When I go for long walks, I like to observe things, especially nature – the trees, the sky, birds, grasses, wildflowers, water. Twice recently I saw a flash of blue in the woods and discovered an indigo bunting flying nearby. Grasshoppers are plentiful right now, and one of the paths I walk on is full of them. The leaves are changing ever so slightly, and there’s a little bit of crunch beneath my feet from the leaves that are the first to drop.
I also like to observe people, especially children. I love to see what they’re up to, and try to take lessons from them and the way they interact with the world. They rarely seem rushed, and the smallest thing can cause them to stop and investigate. I love their energy, and seeing a bunch of kids running or racing on their bikes almost seems to give me energy. Living in a retirement community someday is not at all appealing to me – I love to be around people of all ages.
As I walked by a house recently, I noticed three or four bikes neatly parked near the front door in the area where most people would have foundation plantings of shrubs or flowers. No shrubs in front of this house, just bikes. I think there are a few boys living there, and I’ve seen them outside throwing the football around with their mom. The lawn is neatly mowed and maybe a little packed down from kids playing on it. Nothing really stands out about this house, but every time I walk or drive by I think of the boys and their mom playing with the football. Now I think of the bikes.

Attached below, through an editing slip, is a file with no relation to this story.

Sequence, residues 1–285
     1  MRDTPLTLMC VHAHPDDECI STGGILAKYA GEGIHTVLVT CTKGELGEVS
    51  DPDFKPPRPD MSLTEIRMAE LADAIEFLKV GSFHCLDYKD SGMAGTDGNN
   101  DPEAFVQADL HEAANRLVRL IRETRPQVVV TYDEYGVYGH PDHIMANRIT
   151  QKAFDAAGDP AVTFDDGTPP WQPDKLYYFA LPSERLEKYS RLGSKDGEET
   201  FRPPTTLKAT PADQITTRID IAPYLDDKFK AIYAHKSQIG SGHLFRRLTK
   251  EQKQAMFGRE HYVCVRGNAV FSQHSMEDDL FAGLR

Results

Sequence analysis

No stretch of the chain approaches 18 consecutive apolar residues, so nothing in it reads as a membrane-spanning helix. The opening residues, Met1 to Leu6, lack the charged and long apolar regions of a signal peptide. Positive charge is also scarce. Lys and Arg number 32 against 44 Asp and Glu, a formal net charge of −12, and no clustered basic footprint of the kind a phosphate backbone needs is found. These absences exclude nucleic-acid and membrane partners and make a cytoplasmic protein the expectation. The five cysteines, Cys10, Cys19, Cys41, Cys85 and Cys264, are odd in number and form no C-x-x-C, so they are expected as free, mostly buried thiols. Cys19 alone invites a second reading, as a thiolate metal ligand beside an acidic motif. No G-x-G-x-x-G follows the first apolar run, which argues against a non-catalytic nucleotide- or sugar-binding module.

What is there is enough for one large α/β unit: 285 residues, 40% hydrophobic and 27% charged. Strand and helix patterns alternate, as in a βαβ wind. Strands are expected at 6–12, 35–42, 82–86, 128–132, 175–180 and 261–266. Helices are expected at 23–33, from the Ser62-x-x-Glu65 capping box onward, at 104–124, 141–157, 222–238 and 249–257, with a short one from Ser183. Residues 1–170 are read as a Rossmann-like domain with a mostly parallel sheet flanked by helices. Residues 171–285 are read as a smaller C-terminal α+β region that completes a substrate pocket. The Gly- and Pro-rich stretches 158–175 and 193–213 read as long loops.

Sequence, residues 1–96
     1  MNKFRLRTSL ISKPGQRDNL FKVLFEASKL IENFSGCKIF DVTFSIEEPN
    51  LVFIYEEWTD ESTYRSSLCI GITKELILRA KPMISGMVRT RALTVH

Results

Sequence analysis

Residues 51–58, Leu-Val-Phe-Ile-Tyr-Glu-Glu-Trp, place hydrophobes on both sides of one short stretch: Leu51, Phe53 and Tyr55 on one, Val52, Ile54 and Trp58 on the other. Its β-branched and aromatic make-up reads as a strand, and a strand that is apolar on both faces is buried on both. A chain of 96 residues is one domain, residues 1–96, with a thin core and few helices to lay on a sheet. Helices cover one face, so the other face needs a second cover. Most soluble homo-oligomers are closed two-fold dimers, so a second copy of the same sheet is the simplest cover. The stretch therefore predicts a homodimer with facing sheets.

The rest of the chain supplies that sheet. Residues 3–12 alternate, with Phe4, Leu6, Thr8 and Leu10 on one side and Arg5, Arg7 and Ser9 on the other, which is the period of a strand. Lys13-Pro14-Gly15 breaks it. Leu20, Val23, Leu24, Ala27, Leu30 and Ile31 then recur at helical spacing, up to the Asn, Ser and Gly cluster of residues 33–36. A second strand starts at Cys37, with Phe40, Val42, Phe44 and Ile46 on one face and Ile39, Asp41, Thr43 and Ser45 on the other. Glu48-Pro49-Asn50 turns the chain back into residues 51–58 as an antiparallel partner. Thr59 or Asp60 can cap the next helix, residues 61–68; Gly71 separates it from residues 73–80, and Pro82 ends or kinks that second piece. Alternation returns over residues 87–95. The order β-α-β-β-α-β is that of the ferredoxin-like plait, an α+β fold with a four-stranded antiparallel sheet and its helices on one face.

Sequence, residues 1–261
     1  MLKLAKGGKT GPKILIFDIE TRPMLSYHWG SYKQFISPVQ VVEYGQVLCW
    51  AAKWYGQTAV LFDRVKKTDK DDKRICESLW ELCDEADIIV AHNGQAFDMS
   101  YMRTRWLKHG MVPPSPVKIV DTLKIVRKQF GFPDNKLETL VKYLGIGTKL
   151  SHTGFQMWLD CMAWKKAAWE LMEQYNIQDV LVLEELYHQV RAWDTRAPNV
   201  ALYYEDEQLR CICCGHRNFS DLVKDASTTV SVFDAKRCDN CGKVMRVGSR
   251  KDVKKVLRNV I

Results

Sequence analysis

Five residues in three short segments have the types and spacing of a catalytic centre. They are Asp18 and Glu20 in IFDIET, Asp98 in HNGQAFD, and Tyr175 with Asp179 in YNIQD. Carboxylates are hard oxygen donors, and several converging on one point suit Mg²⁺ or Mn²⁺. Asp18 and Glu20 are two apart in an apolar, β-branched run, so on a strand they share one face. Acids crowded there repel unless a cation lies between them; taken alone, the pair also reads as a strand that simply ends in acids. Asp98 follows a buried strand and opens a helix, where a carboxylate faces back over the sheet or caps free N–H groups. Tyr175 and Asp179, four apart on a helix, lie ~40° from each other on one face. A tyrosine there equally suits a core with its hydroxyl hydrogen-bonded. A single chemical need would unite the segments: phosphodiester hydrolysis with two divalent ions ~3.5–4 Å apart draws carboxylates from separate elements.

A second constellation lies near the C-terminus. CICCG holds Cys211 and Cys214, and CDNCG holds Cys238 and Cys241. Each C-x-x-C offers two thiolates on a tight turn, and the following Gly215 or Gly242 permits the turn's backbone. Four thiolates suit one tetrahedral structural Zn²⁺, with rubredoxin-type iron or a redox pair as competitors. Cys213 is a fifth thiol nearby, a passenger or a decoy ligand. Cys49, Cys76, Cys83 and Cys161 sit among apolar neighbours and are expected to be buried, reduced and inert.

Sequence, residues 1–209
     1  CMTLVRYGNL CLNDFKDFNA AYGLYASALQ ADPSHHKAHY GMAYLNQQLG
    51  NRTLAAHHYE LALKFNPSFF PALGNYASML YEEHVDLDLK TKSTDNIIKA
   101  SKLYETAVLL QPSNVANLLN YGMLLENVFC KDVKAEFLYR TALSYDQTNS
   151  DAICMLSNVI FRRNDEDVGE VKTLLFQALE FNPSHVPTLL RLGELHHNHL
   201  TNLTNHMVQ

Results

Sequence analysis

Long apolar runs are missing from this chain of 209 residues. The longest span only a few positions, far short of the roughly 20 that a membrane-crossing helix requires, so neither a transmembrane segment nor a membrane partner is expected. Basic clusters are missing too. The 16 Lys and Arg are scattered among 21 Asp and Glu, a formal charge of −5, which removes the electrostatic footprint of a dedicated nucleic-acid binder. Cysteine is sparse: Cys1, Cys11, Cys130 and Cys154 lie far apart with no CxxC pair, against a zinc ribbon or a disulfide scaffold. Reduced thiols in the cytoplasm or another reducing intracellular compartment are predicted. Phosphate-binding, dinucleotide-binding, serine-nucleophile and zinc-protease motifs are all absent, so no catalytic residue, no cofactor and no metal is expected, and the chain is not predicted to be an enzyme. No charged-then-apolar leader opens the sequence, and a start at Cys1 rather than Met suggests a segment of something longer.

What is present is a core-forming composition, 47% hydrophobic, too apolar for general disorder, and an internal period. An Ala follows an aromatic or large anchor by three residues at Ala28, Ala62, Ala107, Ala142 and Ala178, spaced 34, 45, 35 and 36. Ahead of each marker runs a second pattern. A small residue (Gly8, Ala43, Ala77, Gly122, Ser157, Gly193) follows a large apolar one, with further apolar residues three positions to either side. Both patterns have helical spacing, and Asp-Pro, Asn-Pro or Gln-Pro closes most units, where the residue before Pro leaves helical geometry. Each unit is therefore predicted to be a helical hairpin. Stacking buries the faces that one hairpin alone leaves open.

Sure, it’s lovely to have flowers and beautiful plantings around a house, but if I had those little boys, and time and money were limited, I’d go for the bikes too. Childhood will never be repeated; someday those boys will be grown up and gone. We can’t be worried about what other people are doing or the things they have. We need to look at the big picture and invest in the things that really matter, the things that our hearts tell us are important.
Maybe someday I’ll be able to share some of my thoughts with this mom. Parents need all the encouragement they can get, so. . . encourage a parent today, spend time with a child or give them a smile. If a family near you has a house that doesn’t quite meet your standards, but you see the parents out playing with the kids, remember they are raising kids (not a picture-perfect lawn), and there is no more important work.